SC&H Group Blog: "Expertise Beyond the Numbers"

State & Local Tax Updates: California Personal Income Tax; Illinois Sales and Use Tax; and Maryland Corporate Income Tax

Through its content-sharing partnership with Thomson Reuters Checkpoint, SC&H Group’s State and Local Tax practice has compiled the following round up of actionable state tax news.

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California Corporate Income Tax — California FTB properly denied abatement of penalties.
The Franchise Tax Board (FTB) properly denied the abatement of a late filing penalty, an S corporation late filing penalty, and an underpayment of estimated tax penalty. The taxpayer’s 2010 return was not filed until February 27, 2012. The taxpayer’s return was originally due March 15, 2011, the automatic extension under Cal. Rev. & Tax. Cd. § 18604 extended the due date to October 15, 2011, and IRC § 7508A and IR News Release 2011-87 extended the due date to October 31, 2011, for taxpayers (such as the appellant) whose records necessary to meet a filing or payment deadline are in the covered disaster area. The taxpayer failed to show that by using ordinary business care and prudence, it could not file a return by October 31, 2011: (1) it did not explain why it could not timely determine whether it was required to file a 2010 California return after the FTB notified it in August 2011 that it was required to file a 2009 California return; and (2) the taxpayer claimed that the Schedule K-1 (received in October 2011) was necessary for filing a complete and accurate return, but failed to explain why it could not have estimated income and loss amounts based on the information it had for the 2009 tax year. The FTB properly imposed an underpayment of estimated tax penalty. Imposition of the penalty is mandatory and cannot be abated for reasonable cause, so the taxpayer’s reasonable cause arguments do not provide a sufficient basis to abate the penalty and the taxpayer did not provide any other basis for abating the underpayment penalty. (Appeal of Diamond B Capital, Inc., SBE, Case No. 623488, 04/22/2014; released 08/22/2014 (not to be cited as precedent).)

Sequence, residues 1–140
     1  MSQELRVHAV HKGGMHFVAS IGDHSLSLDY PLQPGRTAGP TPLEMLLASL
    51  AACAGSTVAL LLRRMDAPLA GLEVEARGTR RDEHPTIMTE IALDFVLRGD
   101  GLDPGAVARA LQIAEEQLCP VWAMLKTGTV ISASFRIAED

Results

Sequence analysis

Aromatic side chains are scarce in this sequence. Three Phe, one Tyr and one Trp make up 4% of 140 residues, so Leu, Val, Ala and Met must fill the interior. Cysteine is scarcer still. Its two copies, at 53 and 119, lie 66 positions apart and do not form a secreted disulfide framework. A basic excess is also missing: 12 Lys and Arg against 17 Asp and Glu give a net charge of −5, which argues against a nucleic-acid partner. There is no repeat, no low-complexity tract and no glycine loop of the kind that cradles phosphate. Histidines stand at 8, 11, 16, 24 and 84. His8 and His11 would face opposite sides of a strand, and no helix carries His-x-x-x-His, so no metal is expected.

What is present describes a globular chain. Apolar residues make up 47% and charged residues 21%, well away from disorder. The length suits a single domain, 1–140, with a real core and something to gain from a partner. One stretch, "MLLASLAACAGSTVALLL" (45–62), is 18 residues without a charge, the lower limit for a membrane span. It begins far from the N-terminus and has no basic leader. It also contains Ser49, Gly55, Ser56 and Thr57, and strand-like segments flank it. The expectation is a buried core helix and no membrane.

California Corporate Income Tax — California—No reasonable cause found to excuse penalties.
The State Board of Equalization (SBE) has affirmed a late filing penalty imposed by the Franchise Tax Board (FTB) against the taxpayer, a Pennsylvania S corporation, for its failure to timely file a 2009 corporate franchise tax return. The SBE found that the taxpayer had not demonstrated that the failure was due to reasonable cause. The taxpayer claimed that it only discovered that it had an employee who was a California resident, requiring it to file a California return, after the due date for filing the 2009 return had passed. The SBE noted that ignorance of a filing requirement or a misunderstanding of law generally does not excuse a late filing. On similar grounds, the SBE also affirmed a penalty assessed against the taxpayer under Cal. Rev. & Tax. Cd. § 19135 for failing to file a return within 60 days after the FTB sent its demand. (Appeal of Woodward Camp, Inc., SBE, Case No. 620760, 04/22/2014; released 08/22/2014 (not to be cited as precedent).)